There’s probably no better contrast in the race for supervisor in Stanislaus County’s District 4 than that between Frank Damrell and his opponents Tom Berryhill and Janice Keating. Everything about Frank Damrell represents Modesto’s and the county’s better days, while too much about Berryhill and Keating reminds us of the calumny and corruption in the era of Trump.
Steve Ringhoff’s excellent report about Tom Berryhill’s violations of rules required by the Fair Political Practices Commission is a cogent reminder of the casual corruption that runs rampant in today’s politics. In 2014, Berryhill paid a $40,000 fine for what amounted to a money-laundering scheme for campaign funds illegally provided by his brother.
Lately, there have also been questions about Berryhill’s health. Editors at the Modesto Bee wrote on April 21, “We sincerely feel Berryhill should concentrate on regaining his health. Judging from recent public appearances, he is not up to serving as a county supervisor.”
If Tom Berryhill represents one side of our new politics, Janice Keating represents another. Styling herself a watchdog over government waste and corruption, Keating stunned colleagues on the Modesto City Council when she billed the city for expenses incurred driving from her home to council meetings—a round trip of five miles. In all, Keating billed more for expenses than any other councilmember.
But her chintziness is just one aspect of Keating’s approach to public service. Another is her promotion of hate mongers like Ann Coulter and Sheriff David Clarke, both of whom were brought here by the local Republican Party. As Executive Director of the Republican Party of Stanislaus County, Keating has been an avid promoter and cheerleader for the divisiveness, xenophobia, and contempt for law represented by Coulter, Clarke, and others like them.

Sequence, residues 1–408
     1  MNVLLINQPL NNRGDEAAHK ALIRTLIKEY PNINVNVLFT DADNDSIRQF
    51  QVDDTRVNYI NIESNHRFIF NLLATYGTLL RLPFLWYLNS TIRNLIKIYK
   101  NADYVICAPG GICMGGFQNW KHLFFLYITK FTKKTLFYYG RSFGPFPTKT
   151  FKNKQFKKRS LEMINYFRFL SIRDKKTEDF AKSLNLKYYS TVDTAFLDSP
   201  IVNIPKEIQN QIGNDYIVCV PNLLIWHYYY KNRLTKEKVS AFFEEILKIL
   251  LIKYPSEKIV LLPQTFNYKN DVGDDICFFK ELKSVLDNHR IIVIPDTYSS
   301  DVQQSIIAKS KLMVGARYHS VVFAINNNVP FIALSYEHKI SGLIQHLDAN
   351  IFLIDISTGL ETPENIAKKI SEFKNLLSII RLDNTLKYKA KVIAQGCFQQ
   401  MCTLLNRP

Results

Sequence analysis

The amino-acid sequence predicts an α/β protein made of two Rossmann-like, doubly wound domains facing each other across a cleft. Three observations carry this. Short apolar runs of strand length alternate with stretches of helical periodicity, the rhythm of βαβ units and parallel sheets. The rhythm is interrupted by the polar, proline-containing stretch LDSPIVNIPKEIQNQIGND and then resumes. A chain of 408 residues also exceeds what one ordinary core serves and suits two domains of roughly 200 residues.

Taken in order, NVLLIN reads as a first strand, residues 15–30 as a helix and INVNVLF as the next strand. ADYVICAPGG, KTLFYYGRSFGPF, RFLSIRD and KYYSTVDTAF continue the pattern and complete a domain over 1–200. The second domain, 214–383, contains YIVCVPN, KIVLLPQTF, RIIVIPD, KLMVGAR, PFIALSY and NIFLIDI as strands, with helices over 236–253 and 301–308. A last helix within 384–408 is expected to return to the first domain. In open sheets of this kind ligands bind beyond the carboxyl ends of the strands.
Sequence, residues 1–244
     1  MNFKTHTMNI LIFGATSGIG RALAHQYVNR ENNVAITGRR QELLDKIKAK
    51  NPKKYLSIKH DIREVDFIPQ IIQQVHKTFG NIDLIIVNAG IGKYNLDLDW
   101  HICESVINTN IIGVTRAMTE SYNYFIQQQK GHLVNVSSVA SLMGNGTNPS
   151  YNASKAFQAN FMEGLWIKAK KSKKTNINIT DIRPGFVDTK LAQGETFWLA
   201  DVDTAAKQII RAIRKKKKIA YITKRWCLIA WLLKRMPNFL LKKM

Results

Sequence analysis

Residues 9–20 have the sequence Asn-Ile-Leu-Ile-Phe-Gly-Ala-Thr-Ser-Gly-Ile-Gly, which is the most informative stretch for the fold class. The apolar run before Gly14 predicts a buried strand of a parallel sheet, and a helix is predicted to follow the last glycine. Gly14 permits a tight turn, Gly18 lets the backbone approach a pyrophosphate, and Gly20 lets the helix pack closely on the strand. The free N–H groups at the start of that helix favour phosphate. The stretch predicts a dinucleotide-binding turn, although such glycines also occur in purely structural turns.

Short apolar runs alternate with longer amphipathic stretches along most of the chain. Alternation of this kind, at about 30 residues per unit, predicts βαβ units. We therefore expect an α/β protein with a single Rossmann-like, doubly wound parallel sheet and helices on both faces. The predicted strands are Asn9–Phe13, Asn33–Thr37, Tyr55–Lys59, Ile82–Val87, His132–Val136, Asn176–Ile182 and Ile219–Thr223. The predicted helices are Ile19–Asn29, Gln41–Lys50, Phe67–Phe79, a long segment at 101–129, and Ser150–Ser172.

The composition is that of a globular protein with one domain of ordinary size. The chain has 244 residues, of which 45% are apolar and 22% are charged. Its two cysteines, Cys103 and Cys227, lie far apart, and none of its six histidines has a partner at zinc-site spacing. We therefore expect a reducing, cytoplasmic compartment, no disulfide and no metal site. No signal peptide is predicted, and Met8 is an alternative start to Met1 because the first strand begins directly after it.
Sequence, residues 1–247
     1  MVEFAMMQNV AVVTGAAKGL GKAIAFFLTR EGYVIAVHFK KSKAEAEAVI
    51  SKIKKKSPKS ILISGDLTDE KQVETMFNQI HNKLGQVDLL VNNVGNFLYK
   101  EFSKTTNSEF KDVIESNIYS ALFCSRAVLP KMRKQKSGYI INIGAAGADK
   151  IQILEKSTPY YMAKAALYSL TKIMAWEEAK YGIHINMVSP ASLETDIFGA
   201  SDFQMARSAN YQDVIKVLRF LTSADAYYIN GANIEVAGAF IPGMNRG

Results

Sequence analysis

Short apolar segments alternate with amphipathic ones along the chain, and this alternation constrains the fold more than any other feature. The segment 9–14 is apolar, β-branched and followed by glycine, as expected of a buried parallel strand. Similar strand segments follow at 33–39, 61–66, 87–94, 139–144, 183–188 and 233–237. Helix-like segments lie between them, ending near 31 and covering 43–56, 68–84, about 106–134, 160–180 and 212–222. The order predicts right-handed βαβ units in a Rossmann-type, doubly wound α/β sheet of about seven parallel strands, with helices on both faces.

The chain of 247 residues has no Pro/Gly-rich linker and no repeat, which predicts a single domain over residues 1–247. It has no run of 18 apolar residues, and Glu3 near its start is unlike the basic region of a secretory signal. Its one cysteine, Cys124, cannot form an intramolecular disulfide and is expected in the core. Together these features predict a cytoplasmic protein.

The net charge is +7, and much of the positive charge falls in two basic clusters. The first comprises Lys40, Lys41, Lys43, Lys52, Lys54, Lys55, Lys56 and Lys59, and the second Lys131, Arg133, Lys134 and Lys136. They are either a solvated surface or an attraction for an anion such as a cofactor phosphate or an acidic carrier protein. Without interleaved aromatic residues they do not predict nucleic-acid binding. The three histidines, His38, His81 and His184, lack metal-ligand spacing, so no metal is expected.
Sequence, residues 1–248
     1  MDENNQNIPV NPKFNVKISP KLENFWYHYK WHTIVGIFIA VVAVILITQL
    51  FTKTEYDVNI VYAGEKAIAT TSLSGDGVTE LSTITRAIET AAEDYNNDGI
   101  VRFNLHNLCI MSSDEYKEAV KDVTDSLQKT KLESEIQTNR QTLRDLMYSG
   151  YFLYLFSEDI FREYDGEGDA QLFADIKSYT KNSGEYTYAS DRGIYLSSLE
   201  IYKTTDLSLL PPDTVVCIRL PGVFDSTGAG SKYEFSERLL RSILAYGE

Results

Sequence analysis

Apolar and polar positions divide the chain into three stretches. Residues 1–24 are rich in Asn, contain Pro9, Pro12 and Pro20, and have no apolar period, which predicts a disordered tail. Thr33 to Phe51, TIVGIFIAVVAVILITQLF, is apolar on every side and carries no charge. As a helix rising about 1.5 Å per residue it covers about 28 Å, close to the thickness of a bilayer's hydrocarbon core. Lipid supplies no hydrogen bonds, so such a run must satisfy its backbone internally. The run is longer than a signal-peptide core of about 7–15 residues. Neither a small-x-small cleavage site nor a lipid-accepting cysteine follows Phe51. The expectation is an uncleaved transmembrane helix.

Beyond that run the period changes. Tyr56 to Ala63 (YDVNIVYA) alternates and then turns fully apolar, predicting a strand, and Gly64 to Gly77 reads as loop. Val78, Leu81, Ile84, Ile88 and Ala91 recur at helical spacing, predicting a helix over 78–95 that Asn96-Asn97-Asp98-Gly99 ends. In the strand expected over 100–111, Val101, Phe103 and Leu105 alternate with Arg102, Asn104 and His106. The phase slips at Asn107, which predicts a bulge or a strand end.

If we are ever to escape the dysfunction in today’s government, we have to bring people together again. Frank Damrell, a quiet pragmatist respected by everyone who knows him, is uniquely suited to work with others toward real solutions to our problems without resorting to party preferences or rigid ideology.
Damrell is one of those “people-persons” who used to be regular features of downtown Modesto. When Frank Damrell sees someone he knows or meets someone new, his face lights up, his smile spreads, and his eyes twinkle. This is a man who loves people.
And while Damrell may be easy-going and friendly, he’s also not afraid to work hard and often to get things done. As an aide to California State Senator Kathleen Galgiani, Damrell frequently takes on the underappreciated scut work of researching and building consensus for legislation, as well as attempting to address the complex problems of constituents in need.
Damrell is also in unusually good shape. Every year, he and his family swim from Alcatraz Island to San Francisco as part of a charity event for TeamHydro. Damrell describes the event as an illustration of his political philosophy:
“Every time I swim from Alcatraz to San Francisco, I have to keep a straight course. The only way I can keep a straight course is by listening to people on both sides of me, so I listen to people on my right and I listen to people on my left. That’s my philosophy of life and politics.”
Frank Damrell chose to run for supervisor in Stanislaus County because he believes in community service and has an unusual capacity to work for the good of the region. He’s an easy choice for supervisor in Stanislaus County’s District Four.
About The Author
Eric Caine formerly taught in the Humanities Department at Merced College. He was an original Community Columnist at the Modesto Bee, and wrote for The Bee for over twelve years.